Yesterday was one of those surprisingly perfect runs. And I will admit – I almost didn’t go.
It started with I was too tired. I then rationed that somehow the hour and a half I had was not enough for a 30 minute run. Then it started snowing, and I didn’t have a headband, but at the same time I also sort of wanted to go even more. Then I noticed it was abnormally dark for 4PM. And my headphones were missing an ear bud.
I overcame all of this, before I realized that I had forgotten my Garmin on the kitchen counter.
And I didn’t have a pocket for my phone. At which point, as sad as it sounds, I thought, “ugh, is it even worth running?”
I am ashamed.
If I couldn’t take my technology I was taking my toys home. I apparently would rather be inactive than be active without digital proof of said activity. What did they do 30 years ago before Garmin watches existed?
They laced up their shoes and they ran.
They used maps to track distance, maybe a stopwatch. An actual stopwatch. Not an app.
What did they listen to before iPods?
The sound of their feet pounding the pavement or dirt. The sound of their breath moving in and out of their lungs.
In that moment, with no music, no Garmin, and no headband; with snow and darkness falling, I actually turned around and went back inside.
And I hung my head in shame.
I stood in the hallway, debating what to do. It was cold. I had work to do. But the I thought, I am already in my dry-fit. I have lugged my bag around campus. I have run downtown many times, I knew routes approximate distances.
There were a million reasons not to go.
I found the reason to go.
For the first time in a long time, possibly ever, I just ran.
I admit, I didn’t go completely tech free. I had my iPod strapped to my arm to track time, because I’m sort of obsessive about knowing that kind of stuff. I am also obsessive about finishing on either an even or half kilometer. I ran without my Garmin or headphones. I just ran.
And in that 29 and a half minutes, I reconnected with why I run. Why I’ve walked and ran half-marathons. I reconnected with the essential reasons, the beauty of my body.
I intimately connected to my breathing. I felt my chest expanding and falling with each breath and heard the breathing from within. The world, at the moment the downtown core during rush hour, was a whisper against the sound of my breathing. It was beautiful to listen to the rhythm of my feet on the pavement. Perhaps the darkness made me even more acutely aware, but the feeling of my muscles moving in my legs was never clearer to me.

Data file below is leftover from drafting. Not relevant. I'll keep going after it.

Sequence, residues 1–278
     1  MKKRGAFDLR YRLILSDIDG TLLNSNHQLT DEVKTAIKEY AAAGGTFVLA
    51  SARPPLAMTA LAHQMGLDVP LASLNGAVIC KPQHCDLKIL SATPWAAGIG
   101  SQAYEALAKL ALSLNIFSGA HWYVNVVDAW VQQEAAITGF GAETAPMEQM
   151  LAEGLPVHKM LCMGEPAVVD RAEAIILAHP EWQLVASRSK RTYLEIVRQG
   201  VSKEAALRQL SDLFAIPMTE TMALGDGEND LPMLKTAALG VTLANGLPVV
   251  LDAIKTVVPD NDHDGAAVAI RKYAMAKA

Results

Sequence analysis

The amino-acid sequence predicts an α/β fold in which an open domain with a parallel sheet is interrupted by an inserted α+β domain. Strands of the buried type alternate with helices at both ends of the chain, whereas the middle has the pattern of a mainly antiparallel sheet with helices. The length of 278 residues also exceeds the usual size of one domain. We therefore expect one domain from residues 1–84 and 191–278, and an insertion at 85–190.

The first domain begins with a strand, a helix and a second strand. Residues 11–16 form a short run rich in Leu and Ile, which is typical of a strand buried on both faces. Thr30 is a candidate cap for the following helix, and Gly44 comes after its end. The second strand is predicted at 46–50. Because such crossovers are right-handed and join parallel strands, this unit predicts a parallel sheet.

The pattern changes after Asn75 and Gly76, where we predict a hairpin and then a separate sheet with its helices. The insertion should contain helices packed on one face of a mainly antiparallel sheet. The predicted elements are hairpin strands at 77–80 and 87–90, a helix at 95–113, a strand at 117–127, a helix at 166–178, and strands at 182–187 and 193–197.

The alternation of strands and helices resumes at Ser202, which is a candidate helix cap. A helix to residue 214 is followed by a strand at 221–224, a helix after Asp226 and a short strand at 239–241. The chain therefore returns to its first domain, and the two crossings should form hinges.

It was an amazing run, a beautiful feeling of connection, and it made me realize how disconnected I have been the last few weeks. It has been crazy, and I have given up a lot of sleep as we move into the final part of the semester. My body has tried to warn me to slow down, eventually Monday I came home and went into a mini-coma and allowed my body the rest it needed. But in that moment, listening to my body and turning my entire existence inward, I had a moment of pure clarity about my world. My inner thoughts smoothed out and all that mattered was that moment.
I’m not saying just ignore things and only live in the moment, to a degree a dash of planning is required. But in that moment I realized what use is it living entirely in the future? At some point you have to slow down and breathe. You can think about the past, and you can plan for the future, but don’t forget about the present. Don’t forget to live.
Also, this video is really cool – talks about how you’re much more open when you’re running. I know I am, apparently running has the same effect on our inhibitions as drinking according to science. Are you really open when you run? Do you even like to talk when running? Do you run with people at all or are you the lone wolf type? Let me know in the comments down below!
Also, good point: